We read about all the large data lapses in the news—credit card info for thousands of TJ Maxx customers stolen, Countrywide losing mortgage application data for thousands of people, etc. Unless you’ve actually been a victim or know one, it sounds scary—but a rather distant problem. The issue hits closer to advisors when a brand-name financial services company loses a disk or suffers a data hijacking.
On a much more personal scale, however, what would a data leak do to your practice? If a hacker breaks into your data files or if you lose a laptop at the airport (where over 10,000 laptops are lost or stolen each week, according to the Ponemon Institute), it wouldn’t be just the local police or FBI that would be notified. Every current or former client who had one single bit of data in your files would need to be contacted and alerted to what happened.
All of the work you invested in relationships to build trust could be jeopardized by a hacker breaking into your files—or someone in your firm leaving a laptop unattended for a minute while using the free Wi-Fi at Starbucks.
While trust is the heart of client relationships, for those who work with high-net-worth and ultra-high-net-worth clients, the stakes are even greater and that trust even harder to earn given that the complexity of the wealth holdings can have implications for extended family members, multiple generations, and even partners and employees if a business is on the list of assets.
When an advisor participates in an advanced planning team, all members must earn the trust of each other—and the client. If one member does something to have others question his trust, the reputation of the whole team is an issue—especially in the eyes of the client. When it comes to protecting the personal information of clients, even a small lapse or loss can force hundreds of clients to question their relationship with the advisor.
Data At Risk
The threats to client data come in many guises, according to Perimeter, a security consultant. Hackers breaking into data systems are the leading cause of incidents in the financial services industry, as well as the reasons that most records are compromised.
If you’re an independent with only a couple of employees, don’t assume that hackers aren’t interested in your data. They are always on the hunt and can feed 24/7. They don’t necessarily go after specific machines, they just scan hundreds or thousands of machines automatically, looking for a way past the safeguards.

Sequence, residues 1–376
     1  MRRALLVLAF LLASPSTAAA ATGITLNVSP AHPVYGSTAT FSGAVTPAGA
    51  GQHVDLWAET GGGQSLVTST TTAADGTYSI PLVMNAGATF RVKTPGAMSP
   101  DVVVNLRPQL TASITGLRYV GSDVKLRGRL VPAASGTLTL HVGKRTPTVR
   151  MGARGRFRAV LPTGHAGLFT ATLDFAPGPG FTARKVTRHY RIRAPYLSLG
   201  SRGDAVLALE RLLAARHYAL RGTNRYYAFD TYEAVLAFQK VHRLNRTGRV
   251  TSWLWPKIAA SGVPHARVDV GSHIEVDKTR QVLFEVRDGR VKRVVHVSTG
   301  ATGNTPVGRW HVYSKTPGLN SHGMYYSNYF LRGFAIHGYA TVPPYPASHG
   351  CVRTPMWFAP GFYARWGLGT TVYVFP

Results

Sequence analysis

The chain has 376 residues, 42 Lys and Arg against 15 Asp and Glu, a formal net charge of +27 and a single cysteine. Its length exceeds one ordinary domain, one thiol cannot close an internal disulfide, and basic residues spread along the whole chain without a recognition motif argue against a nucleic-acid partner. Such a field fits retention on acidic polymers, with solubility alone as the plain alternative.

“The Internet today is like a walk through a vineyard, with the attackers stopping here and there to pick a grape at their leisure,” Sun Microsystems’ Security Chief Brad Powell has stated. “The feast is seemingly never-ending.”
Even if you follow top level security guidelines, your clients could be at risk from other businesses that have access to their personal information. In the event of exposure, you could be pulled in to help with remedial efforts.
The types of private personal information lapses include:
Hacker directly gains access to your office computer system. A Malaysian hacker was indicted in November for breaking into the Federal Reserve Bank’s computer network and taking more than 400,000 credit and debit card numbers. When he was arrested at JFK airport by Secret Services agents, they seized his laptop, which was “heavily encrypted,” a security step highly recommended to prevent easy access by an unauthorized person.
Computers infected by malware, malicious software typically installed from an e-mail or a downloaded file with hidden computer code that’s designed to secretly capture data and send it to a criminal. In early December, a laptop at the Pentagon Federal Credit Union became infected with malware, which allowed unauthorized access to a database with Social Security, account, credit and debit card numbers, and more. In another case, a major insurance company discovered that the login credentials for an independent sales professional were being used by an unauthorized person. The Secret Service investigated and concluded that the person used keylogger software, which secretly hides on a computer and records every key stroke and sends the record over the Internet to the criminal.